James Beard

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James Beard
Beard signing books at a street fair in Manhattan in 1981
James Andrews Beard

May 5, 1903 (1903-05-05)
DiedJanuary 21, 1985 (1985-01-22) (aged 81)
New York City, US
EducationWashington High School (Oregon), Reed College
Culinary career
Cooking styleAmerican, French, Chinese

James Andrews Beard (May 5, 1903 – January 23, 1985)[1] was an American chef, cookbook author, teacher and television personality. He pioneered television cooking shows, taught at The James Beard Cooking School in New York City and Seaside, Oregon, and lectured widely. He emphasized American cooking, prepared with fresh, wholesome, American ingredients, to a country just becoming aware of its own culinary heritage. Beard taught and mentored generations of professional chefs and food enthusiasts.[2] He published more than twenty books, and his memory is honored by his foundation's annual James Beard Awards.

Early life and education[edit]


James Andrews Beard was born in Portland, Oregon, on May 5, 1903, to Elizabeth and John Beard.[3] His British-born mother operated the Gladstone Hotel, and his father worked at the city's customs house. The family vacationed on the Pacific coast in Gearhart, Oregon, where Beard was exposed to Pacific Northwest cuisine.[4]

Common ingredients of this cuisine are salmon, shellfish, and other fresh seafood; game meats such as moose, elk, or venison; mushrooms, berries, small fruits, potatoes, and wild plants such as fiddleheads or young pushki (Heracleum maximum, or cow parsnip).

Beard's earliest memory of food was at the 1905 Lewis and Clark Exposition, when he was two years old. In his memoir he recalled:

I was taken to the exposition two or three times. The thing that remained in my mind above all others—I think it marked my life—was watching Triscuits and shredded wheat biscuits being made. Isn't that crazy? At two years old that memory was made. It intrigued the hell out of me.[5]

At age three Beard was bedridden with malaria, and the illness gave him time to focus on the food prepared by his mother and Jue-Let, the family's Chinese cook.[6] According to Beard he was raised by Jue-Let and Thema, his Chinese nanny, who instilled in him a passion for Chinese culture.[7] Beard reportedly "[attributed] much of his upbringing to Jue-Let," whom he referred to as his Chinese godfather.[8]


Beard graduated from Portland's Washington High School in 1920.[9] In the same year he briefly attended Reed College in Portland, Oregon. He was expelled for homosexuality in 1922, having had relationships with "one or more male students and a professor."[10] The college granted Beard an honorary degree in 1976.[11]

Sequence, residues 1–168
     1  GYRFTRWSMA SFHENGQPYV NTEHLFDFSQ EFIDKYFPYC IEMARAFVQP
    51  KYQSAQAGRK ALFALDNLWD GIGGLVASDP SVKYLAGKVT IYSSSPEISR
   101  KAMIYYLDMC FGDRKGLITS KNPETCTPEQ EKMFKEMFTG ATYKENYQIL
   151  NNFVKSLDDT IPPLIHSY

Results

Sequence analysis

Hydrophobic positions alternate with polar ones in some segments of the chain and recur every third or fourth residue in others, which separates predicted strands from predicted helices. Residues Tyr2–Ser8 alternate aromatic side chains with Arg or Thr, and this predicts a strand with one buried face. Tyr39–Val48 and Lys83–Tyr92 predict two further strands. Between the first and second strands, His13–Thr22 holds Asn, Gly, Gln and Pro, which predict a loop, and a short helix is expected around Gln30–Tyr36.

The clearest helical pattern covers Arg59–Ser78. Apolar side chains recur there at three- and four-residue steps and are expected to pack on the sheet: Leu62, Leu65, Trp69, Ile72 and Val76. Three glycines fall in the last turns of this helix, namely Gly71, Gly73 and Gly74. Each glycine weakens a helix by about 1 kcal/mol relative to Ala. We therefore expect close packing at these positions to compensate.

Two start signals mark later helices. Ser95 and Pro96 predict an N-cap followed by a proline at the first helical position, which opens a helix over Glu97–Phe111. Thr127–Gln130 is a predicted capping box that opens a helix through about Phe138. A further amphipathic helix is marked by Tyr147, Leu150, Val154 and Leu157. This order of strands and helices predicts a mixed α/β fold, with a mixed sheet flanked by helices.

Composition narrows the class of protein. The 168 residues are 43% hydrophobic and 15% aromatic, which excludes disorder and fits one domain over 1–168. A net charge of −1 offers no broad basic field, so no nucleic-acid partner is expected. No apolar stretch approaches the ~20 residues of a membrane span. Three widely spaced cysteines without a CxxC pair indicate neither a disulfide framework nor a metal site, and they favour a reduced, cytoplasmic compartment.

After leaving Reed, he traveled from Portland to Liverpool aboard a British freighter, spending subsequent years living and traveling in Europe.[12] In 1923, he joined a theatrical troupe and studied voice and theater. He also spent time in Paris, where he experienced French cuisine at its bistros and central market, Les Halles. In France, he also had the opportunity to enjoy sexual freedom, having a short relationship with a young man. From this period and the widespread influence of French food culture, he became a Francophile.[13] In 1927 he returned to the US, spending time in Portland, Hollywood, and New York attempting to start a career in acting, costume and set design, and radio.[14]


Beard moved to New York City in 1937. Unlucky in the theater, he and friend Bill Rhodes capitalized on the cocktail party craze by opening Hors d'Oeuvre, Inc., a catering company. This led to lecturing, teaching, writing, and the realization "that part of his mission [as a food connoisseur] was to defend the pleasure of real cooking and fresh ingredients against the assault of the Jell-O-mold people and the domestic scientists."[15] He published his first cookbook in 1940: Hors D'Oeuvre and Canapés, a compilation of his catering recipes. According to fellow cooking enthusiast Julia Child, this book put him on the culinary map.[16]

World War II rationing ended Beard's catering business. He enlisted in the Army and was trained as a cryptographic specialist. Because he had hoped to serve in the hotel management division of the Army Quartermaster Corps, he sought and obtained release from the Army in 1943 based on a regulation applying to men over age 38.[12]

From August 1946 to May 1947, he hosted I Love to Eat, a live television cooking show on NBC, beginning his ascent as an American food authority. According to Child, "Through the years he gradually became not only the leading culinary figure in the country, but 'The Dean of American Cuisine'."[16]